Winds of Change Newsletter, February 2007 See sidebar for table of contents
Buffalo Creek Remembered
An Act of Man Leaves 125 West Virginians Dead
"I put down my toys that day. I havent played since. I was robbed of my childhood."
Patty Adkins, who survived Buffalo Creek as a child
35 years ago, on Feb. 26, 1972, coal waste dams on Buffalo Creek in Logan County failed.
One-hundred and twenty-five people died in the 132-million gallon black tidal wave that surged down the valley. In minutes, 4,000 were left homeless.
The disaster could have been prevented. The October 2000 coal sludge disaster in Martin County, Ky., could have been prevented. Sludge Safety Project is working for a ban on coal sludge dams. This must never happen again.
For detailed information on Buffalo Creek, see www.appalshop.org/buffalo/. Here are a few details from that Appalshop website:
1966: After a coal-waste dump in South-Aberfan, Wales, gave way killing 147 people, then-Secretary of the Interior Stewart Udall asked the U.S. Geological Survey and the Bureau of Mines to conduct a joint investigation of potentially dangerous slag heaps in the coal-mining sections of the United States. A USGS geologist inspected 38 dams in West Virginia, including the one on Buffalo Creek. His report stated that the Buffalo Creek dam was basically "unstable," that "the bank subject to large wash-out on north side from overflow of lake."
1967: In March, the Interior Departments Report on Conditions of 38 West Virginia Coal Waste Dams was given to the governor, senators, congressmen and local officials in southern West Virginia. Four of the dams were cited as in need of immediate repair and were fixed by coal company crews and State Highway Commission workers. Nothing else was done about inspecting other dams or correcting those listed in the report.
1968: In February, residents on Buffalo Creek feared the collapse of the dams and the refuse pile and wrote the Governor asking that he do something about it. Inspectors from the Public Service Commission and Water Resources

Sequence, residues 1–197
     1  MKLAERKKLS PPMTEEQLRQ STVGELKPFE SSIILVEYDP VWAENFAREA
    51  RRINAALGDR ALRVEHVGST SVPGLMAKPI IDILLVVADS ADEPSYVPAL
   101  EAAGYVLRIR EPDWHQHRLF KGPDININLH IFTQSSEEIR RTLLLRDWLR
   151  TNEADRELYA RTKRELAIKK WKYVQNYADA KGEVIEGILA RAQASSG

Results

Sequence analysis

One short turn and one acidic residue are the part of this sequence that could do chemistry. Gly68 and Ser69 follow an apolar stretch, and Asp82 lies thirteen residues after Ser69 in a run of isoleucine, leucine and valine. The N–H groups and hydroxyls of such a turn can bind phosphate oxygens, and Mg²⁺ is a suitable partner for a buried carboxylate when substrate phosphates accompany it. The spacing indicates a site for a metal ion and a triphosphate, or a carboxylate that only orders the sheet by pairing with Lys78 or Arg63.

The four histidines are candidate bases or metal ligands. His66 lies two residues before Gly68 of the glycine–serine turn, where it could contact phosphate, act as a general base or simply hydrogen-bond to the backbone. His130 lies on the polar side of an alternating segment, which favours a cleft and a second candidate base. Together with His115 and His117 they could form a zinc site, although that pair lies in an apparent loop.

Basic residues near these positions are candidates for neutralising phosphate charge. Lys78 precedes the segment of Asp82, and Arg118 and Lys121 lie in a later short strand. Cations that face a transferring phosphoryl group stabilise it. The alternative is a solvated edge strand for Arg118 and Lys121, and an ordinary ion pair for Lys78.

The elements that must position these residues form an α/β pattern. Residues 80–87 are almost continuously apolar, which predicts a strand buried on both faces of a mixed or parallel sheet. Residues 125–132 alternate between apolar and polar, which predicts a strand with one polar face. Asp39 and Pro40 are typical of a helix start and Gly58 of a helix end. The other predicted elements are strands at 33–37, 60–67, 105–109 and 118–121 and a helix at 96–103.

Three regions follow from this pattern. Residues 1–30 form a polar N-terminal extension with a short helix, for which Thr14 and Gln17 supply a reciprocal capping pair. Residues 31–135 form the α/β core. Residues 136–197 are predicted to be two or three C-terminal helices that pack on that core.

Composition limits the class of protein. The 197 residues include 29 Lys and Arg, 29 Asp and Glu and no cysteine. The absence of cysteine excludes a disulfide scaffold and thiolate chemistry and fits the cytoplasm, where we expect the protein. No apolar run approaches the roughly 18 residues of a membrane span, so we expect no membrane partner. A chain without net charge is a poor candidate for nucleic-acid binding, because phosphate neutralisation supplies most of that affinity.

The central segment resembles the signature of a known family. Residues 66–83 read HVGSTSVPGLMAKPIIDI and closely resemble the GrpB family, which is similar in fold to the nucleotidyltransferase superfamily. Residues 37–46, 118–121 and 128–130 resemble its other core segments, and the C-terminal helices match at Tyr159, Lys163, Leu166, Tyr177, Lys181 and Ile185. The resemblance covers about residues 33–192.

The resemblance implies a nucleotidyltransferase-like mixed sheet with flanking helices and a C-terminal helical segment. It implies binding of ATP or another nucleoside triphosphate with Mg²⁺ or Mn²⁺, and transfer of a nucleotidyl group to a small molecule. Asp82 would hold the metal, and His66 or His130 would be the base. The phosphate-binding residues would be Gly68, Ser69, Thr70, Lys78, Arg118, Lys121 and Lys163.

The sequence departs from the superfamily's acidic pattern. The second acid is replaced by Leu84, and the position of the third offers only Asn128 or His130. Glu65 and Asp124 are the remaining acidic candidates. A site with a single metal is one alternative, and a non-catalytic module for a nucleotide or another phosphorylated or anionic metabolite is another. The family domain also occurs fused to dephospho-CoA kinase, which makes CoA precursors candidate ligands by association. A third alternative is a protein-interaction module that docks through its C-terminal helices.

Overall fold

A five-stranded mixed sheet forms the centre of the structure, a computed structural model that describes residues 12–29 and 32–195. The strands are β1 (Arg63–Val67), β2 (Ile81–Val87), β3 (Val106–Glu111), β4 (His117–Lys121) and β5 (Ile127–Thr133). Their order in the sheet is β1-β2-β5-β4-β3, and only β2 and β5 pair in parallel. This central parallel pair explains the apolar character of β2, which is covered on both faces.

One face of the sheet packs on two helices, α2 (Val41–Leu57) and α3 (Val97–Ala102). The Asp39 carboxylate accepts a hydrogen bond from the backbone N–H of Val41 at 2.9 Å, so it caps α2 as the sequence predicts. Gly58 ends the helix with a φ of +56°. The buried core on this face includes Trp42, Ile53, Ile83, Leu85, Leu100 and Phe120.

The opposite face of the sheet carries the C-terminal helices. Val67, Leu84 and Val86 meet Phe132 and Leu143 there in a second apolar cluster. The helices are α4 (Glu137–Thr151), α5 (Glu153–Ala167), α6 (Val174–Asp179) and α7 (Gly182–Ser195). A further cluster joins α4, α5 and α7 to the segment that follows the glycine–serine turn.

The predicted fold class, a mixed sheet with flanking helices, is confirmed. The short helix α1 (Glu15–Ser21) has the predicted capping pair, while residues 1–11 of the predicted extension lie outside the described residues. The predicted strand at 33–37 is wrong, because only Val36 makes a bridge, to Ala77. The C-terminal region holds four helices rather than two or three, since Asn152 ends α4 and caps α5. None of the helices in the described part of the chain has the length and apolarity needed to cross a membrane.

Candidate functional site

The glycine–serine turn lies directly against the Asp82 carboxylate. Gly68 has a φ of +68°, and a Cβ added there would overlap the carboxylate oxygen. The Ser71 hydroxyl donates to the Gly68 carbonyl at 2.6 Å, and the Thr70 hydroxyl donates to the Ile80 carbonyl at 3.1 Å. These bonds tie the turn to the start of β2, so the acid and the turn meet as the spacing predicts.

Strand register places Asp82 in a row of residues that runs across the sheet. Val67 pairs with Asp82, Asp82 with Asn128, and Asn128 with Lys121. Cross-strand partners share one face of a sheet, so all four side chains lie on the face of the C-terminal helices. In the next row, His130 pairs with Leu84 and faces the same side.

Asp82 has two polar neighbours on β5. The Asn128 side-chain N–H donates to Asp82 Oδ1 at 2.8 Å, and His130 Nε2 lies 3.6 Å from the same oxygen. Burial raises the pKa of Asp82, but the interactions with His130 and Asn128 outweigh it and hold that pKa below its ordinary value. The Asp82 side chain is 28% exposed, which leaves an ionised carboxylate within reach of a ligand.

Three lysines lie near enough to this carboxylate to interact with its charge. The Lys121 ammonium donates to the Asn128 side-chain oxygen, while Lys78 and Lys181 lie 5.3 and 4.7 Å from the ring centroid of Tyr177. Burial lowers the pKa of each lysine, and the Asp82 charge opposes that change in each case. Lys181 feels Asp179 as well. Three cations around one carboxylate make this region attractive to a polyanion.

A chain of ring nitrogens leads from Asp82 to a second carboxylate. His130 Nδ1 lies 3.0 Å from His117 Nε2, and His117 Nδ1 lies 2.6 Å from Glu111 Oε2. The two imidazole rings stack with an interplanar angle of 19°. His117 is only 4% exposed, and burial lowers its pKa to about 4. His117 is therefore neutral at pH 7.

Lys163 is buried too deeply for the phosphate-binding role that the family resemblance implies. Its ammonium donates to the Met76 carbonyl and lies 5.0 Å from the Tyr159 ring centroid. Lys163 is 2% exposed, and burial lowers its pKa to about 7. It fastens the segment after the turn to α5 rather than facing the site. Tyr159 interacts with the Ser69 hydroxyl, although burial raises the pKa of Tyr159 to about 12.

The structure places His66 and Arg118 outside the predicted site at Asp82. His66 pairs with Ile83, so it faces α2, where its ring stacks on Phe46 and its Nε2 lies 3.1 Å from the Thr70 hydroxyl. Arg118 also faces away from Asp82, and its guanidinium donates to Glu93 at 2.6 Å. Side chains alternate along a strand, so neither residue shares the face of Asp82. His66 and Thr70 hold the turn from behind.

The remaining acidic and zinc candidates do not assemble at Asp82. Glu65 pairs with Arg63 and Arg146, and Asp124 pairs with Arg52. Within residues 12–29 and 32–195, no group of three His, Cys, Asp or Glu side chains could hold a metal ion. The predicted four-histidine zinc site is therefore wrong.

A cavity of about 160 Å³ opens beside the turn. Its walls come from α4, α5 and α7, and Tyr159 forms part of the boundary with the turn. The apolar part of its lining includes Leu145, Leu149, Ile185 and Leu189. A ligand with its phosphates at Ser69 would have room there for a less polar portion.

Division looked at the dams but no further action was taken.
1971: Dam No. 3 collapsed in February. One-half of the downstream side slumped. There was no flood, but black water bubbled up into the impoundments behind Dam No. 2. The company dumped in more coal refuse to fill in the break in the dam.
1972: At the beginning of the year, about 5,000 people lived on Buffalo Creek, representing approximately 10 percent of Logan Countys population. There were more than 1,000 working miners living on the creek and they were enjoying the relative prosperity that their $40-a-day wages provided them.
February 22, a federal mine inspector and the company safety engineer observed the dams and found conditions satisfactory.
February 25, fed by heavy rains, the water behind dam No. 3 was rising 1- or 2-inches per hour.
February 26, at 1:30 a.m. the water was only 12-inches from the dams crest and oozing through the surface of the dam.
February 26, at 8:03 a.m., Dam No. 3 failed. Dam Nos. 2 and 1 were carried away. The wall of water caused an explosion in the burning refuse pile before cascading into the valley of Buffalo Creek. It took everything in its path.
Government and coal company officials turned a deaf ear to the cries of the people on Buffalo Creek.
We must band together to amplify our voices so even those who do not want to hear our cries are forced to do so. Please lend your voice to those demanding an end to coal sludge dams and coal slurry injection.